Panic ensued among the two million Jews of Palestine. Remembering the plight of the Jews of Syria, Yemen, Iraq, and Egypt, they knew danger was imminent. Repeated requests to the Jewish Federations of North America were returned with sympathy, yet with little concrete help. After all, how much can one community shoulder time and again? Now, Jews of the diaspora how their own battle to fight: the return of Anti-Semitism.

Many American Jews began thinking. What if our life becomes more similar to that of Jews in Europe? What if the rampant Anti-Semitism which was manifesting daily on the streets of Crown-Hights becomes the new norm in America? Where do we go then? With Europe no longer an option, Palestine on the verge of explosion, and China closed to migrants, a deep sense of despair quietly settled in. Jews who had the luck to try and claim Canadian and Australian citizenship began to do so frantically, but Jewish leaders knew all too well that the number of those would be limited. Once again, world Jewry— nine million in number— was feeling the noose tightening around its neck— with nowhere to go.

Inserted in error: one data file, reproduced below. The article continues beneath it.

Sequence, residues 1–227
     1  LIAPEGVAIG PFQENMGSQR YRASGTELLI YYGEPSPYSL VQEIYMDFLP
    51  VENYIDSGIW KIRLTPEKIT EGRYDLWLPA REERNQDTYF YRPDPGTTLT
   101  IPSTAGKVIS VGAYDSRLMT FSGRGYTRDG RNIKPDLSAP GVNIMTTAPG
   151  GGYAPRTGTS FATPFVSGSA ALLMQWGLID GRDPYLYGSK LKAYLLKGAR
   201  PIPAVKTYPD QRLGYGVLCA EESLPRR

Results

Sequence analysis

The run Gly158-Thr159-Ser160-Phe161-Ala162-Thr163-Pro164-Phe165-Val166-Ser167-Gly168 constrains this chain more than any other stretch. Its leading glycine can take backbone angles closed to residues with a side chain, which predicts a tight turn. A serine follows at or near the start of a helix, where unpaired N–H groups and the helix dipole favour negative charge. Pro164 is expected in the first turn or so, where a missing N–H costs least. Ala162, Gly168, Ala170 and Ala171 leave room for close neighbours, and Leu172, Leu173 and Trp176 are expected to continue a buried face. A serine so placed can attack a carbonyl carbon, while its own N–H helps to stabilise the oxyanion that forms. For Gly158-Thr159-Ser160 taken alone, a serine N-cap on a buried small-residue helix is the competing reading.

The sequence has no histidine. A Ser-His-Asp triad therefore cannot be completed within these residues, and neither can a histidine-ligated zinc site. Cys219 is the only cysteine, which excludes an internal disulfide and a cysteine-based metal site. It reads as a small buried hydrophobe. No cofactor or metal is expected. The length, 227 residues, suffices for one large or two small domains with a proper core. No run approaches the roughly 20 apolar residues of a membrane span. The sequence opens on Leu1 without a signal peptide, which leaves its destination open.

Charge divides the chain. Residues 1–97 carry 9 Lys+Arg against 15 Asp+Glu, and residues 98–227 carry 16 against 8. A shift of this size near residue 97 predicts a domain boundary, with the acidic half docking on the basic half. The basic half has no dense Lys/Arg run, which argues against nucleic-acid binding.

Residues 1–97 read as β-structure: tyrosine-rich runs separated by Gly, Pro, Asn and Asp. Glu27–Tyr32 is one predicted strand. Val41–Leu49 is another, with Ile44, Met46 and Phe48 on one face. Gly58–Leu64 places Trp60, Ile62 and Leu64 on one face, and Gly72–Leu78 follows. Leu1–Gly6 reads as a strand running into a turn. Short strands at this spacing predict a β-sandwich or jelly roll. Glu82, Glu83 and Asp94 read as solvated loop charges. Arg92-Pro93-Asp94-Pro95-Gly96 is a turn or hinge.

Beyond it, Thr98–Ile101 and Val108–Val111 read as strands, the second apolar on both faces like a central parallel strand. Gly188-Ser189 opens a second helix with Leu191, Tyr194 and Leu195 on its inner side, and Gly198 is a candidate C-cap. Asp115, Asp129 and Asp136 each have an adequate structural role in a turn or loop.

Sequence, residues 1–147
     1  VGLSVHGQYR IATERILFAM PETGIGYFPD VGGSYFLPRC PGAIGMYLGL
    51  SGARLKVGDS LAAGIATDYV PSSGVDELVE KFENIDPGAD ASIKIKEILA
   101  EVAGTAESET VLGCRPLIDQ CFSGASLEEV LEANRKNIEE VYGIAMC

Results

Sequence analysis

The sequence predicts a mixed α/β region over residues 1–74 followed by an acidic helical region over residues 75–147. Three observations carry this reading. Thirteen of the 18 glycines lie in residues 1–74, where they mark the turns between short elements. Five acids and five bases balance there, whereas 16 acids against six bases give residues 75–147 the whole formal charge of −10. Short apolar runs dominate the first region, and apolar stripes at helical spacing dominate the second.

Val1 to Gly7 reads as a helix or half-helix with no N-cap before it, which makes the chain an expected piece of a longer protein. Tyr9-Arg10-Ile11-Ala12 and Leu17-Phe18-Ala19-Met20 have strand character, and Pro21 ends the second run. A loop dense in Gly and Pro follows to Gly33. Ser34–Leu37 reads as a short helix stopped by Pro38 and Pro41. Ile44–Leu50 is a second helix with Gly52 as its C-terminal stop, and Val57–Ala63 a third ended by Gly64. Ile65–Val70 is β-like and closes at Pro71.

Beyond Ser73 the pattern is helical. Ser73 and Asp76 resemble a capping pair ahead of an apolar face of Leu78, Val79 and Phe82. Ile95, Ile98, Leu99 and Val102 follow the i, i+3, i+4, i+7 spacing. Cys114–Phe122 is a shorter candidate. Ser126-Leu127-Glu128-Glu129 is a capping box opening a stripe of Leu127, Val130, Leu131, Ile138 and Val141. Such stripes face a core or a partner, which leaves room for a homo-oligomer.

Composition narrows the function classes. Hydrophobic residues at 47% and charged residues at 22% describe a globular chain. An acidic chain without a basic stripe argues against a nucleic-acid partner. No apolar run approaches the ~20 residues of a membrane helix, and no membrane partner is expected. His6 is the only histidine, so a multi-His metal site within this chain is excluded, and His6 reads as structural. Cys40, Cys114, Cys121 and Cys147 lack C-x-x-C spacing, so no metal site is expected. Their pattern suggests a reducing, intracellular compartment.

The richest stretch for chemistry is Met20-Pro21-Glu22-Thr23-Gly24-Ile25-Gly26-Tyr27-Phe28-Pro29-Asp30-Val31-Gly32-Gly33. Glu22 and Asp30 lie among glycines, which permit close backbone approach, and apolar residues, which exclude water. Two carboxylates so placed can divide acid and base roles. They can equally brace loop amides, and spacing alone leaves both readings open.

* * *

I a recent meeting with Israeli Ambassador Ron Dermer, one thing he shared with me and a diverse audience of Jewish American leaders, stood out more than anything: “no matter what your perspective is, don’t take Israel for granted.” No political conversation we American Jews are having, can ignore this simple fact.

About the Author
The writer is a rabbi, writer, teacher, and blogger (www.rabbipoupko.com). He is the president of EITAN-The American Israeli Jewish Network and lives with his wife in New York City.